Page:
Oil and gas environmental footprint in Southeast Asia

In this picture taken on September 15, 2007 shows a safety officer (in red) checking on workers painting the Thai oil company PTTEP Arthit CPP topside jack-up rig which is under construction in Batam, on Indonesia's Riau Island near Singapore. (AFP Photo/Roslan Rahman)

The Sidoarjo regency in East Java, Indonesia is known for its cottage industries which produce traditional prawn and fish flavoured crackers. However, tourists who flock there aren’t just lured by the promise of crunchy titbits, but come to see the largest mud volcano in the world.

The Sidoarjo mud flow, commonly called Lusi – an abbreviation of Lumpur Sidoarjo, “lumpur” means “mud” in Indonesian – has been spewing mud since it erupted in May 2006. While theories are abound as to the reason for this occurrence, it is a largely held view that it was caused by a mishap during the drilling process which led to the blowout of natural gas well. Schools and houses in the vicinity were destroyed and families were displaced while many others suffered from burn injuries.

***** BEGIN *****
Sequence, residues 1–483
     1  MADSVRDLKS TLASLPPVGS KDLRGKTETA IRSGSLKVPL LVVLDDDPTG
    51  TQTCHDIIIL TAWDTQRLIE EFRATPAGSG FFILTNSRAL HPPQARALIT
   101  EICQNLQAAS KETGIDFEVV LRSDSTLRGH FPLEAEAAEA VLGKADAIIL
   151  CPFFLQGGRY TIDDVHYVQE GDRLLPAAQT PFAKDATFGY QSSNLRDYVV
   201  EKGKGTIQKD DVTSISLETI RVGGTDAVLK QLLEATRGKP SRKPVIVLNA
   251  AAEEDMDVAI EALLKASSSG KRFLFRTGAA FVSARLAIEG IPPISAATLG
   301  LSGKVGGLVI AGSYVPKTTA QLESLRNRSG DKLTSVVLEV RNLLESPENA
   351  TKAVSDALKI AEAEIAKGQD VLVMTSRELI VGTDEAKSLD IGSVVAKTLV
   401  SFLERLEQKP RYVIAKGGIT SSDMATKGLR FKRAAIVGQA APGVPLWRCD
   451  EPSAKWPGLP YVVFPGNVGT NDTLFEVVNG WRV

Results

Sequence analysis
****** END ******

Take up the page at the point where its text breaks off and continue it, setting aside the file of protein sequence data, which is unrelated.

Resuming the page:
While the Southeast Asian region remains giddy on its pursuit for energy to fuel the burgeoning industries, Lusi serves as a reminder that such a pursuit – especially through oil and gas explorations – comes with huge environmental costs.

Energy consumption and energy reserves in the Southeast Asian region.

Impacts on the environment

At every stage of the oil and gas fuel chain, there is potential for action which can lead to hazardous consequences to the environment. The upstream or the E&P (exploration and production) sector requires the use of heavy machinery to “discover” oil and gas deposits and extract it from sedimentary rocks within the earth. This is accomplished using various techniques including exploratory drilling – such was the case with Lusi – special air guns and controlled underground explosions.